He has his points. Whoever consumes chilli will surely rasa pedas (feel the heat). I do not argue with the TMJ about his comments as I do ask him about them and once he explains, I am fine with it.
But I always advise him not to hurt anyone. Based on his success in football, I think he has changed the face of football in the country. Not many people are happy with his success. His comments and hints seem to get support from the people. I go through Facebook and see the comments.
On the role of a Ruler and his authority
Q: Would that lead to the perception by some politicians that Tuanku has gone beyond your authority?
A: I am not a puppet in Johor. I have the right to call my mentri besar to tegur (advise) him at any time and others in my government as well. I am the one who appoints the state government. I have always put my rakyat’s interest first.
Let me give a history lesson here as it was my great-grandfather, the late Sultan Ibrahim, who gave money to start Umno and the first meeting was actually held at the palace in Johor.
Subsequently, his son, the late Sultan Ismail, as the regent of Johor at the time, inaugurated the Malay Congress on May 11, 1946 at Istana Besar in Johor Baru that led to the setting up of Umno.
Let me remind politicians who do not know history or are too lazy to read history books – Umno was born in the Johor palace grounds.
Where Umno is today began at the very palace grounds we are sitting on now. That’s the party history.
Sultan Ismail’s role was also recognised during a large parade held on June 8, 1946 to celebrate Britain’s success in regaining Malaya after Japan’s surrender.
That’s how the palace has taken up its responsibilities at crucial points of the nation’s history.
On Rulers as the custodians of Islam and Jakim
Q: Can Tuanku talk about the role of the Rulers as the custodians of Islam, given recent debate that some federal religious agencies appear to exert influence and authority onto this religious space?
A: We are the heads of religion in our own states. The Malaysian Islamic Development Department (Jakim) can give advice or propose guidelines but it is up to us (Sultans) whether we want to accept it.
I have appointed a panel in the Johor Islamic Council. They come up with fatwas (decrees) for me to approve it. The fatwa cannot be effective without my approval. Sometimes I do question a fatwa and I want them to explain it, but Jakim has no right to interfere in the state.
Do you know that Islamic schools started in Johor before they were introduced to other states? We never had sekolah pondok but instead organised religious schools. Others are actually using our syllabus too.
Jakim reports to the Conference of Rulers and they usually advise the Federal Government.
I am curious to know – if it is true – why do they need a RM1bil budget? Does it include allocations to all the states? During my next Conference of Rulers, I want them to show me their breakdown for expenses. I want to know if they are financing our religious schools here.
On the Johor palace, the Prime Minister and ex-deputy prime minister
Q: Your Royal Highness, forgive us for asking this sensitive and delicate question, given the fact that Johor is now a political hotbed. The Johor palace statement, whether official or casually made on social media, has given the impression that you are critical of the Prime Minister or even not in favour of him.
A: No, I do not favour anyone. I never said I do not favour the Prime Minister. He is the Prime Minister whether you like it or not.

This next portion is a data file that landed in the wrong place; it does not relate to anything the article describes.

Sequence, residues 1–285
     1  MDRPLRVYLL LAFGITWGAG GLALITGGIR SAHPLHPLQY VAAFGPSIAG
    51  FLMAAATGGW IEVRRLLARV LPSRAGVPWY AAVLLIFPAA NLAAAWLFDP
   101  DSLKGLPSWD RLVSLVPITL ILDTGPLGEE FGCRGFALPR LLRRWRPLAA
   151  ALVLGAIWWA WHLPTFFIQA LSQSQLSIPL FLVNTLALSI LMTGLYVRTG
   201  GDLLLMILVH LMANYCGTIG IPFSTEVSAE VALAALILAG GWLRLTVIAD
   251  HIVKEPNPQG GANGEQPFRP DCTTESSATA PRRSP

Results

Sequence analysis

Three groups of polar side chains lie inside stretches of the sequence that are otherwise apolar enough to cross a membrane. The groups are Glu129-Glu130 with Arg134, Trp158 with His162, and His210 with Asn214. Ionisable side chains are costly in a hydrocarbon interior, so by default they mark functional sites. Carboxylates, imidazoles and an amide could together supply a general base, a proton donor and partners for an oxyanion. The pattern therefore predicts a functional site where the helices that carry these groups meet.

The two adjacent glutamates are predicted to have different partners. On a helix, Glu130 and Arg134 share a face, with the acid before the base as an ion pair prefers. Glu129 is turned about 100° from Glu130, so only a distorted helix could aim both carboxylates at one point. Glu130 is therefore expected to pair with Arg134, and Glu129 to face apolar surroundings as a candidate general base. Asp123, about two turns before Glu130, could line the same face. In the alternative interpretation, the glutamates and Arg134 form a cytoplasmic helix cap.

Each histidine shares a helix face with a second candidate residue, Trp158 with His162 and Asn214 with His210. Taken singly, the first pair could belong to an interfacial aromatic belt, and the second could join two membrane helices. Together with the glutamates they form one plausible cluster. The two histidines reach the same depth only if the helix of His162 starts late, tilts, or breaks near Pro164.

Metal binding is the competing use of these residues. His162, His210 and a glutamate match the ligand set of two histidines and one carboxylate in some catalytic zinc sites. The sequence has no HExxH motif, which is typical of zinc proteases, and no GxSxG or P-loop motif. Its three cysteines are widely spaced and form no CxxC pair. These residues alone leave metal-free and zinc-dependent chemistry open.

I must say that every prime minister has made his mistakes. To me, Tan Sri Muhyiddin Yassin is my former mentri besar and former deputy prime minister. He comes to see me via appointments. I allow this but I try to avoid talking about politics. He came to see me twice.
He does express his unhappiness. I listen and keep it to myself. I have also met up with the Prime Minister and avoid speaking to him about politics. Let the politician handle politics. I am above politics. If he (Prime Minister) needs advice, I am here as a friend.
The issue of whether you are from Johor does not arise.
Yes, I am outspoken. I speak my mind and I am happy that the message gets across.
The palace grants audiences to many leaders but it does not mean that after these visits, we are meant to endorse their leadership.
They are politicians but please do not abuse or misuse the good name of the palace. I am very proud of being a Johorean but that does not mean I must blindly support anyone from Johor. The people should also not make such deductions.
The Prime Minister is from Pahang, but he has also regularly updated me on development issues affecting the state. There are official visits by him which are widely reported in the press, but we also have quiet, informal meetings.
He is deeply concerned about issues affecting Johor because of our proximity to Singapore, which is a strategic partner to Johor. Both of us believe that Johor and Malaysia will benefit from the ongoing development and when the Kuala Lumpur-Singapore fast train is built, the benefits will be enormous.
I do not want to dig up the past nor do I wish to take a swipe at any politician, active or retired, but the Prime Minister understands and appreciates the need to work closely and not to repeat the past.
I find it hard to understand the rationale or irrationality of any Malaysian leader who wants Malaysia to quarrel with Singapore. It’s what I called crooked thinking.
There is so much we can learn from Singapore. They have done well, let’s be honest here. We don’t have to go on expensive study trips to Europe or the United States – just go across the Causeway to Singapore, they have done so many things that are correct and efficient.
I know the Prime Minister has come under much criticism but I say give him a chance. The year has come to an end, we must move on. It has been a challenging year for everyone, including myself. There are issues that still need to be tackled, that need to convince the people, that need answers, but I must say that they also need closure.
Every one of us makes mistakes but we must be prepared to learn from them, make amends and do what is right. Right what is wrong.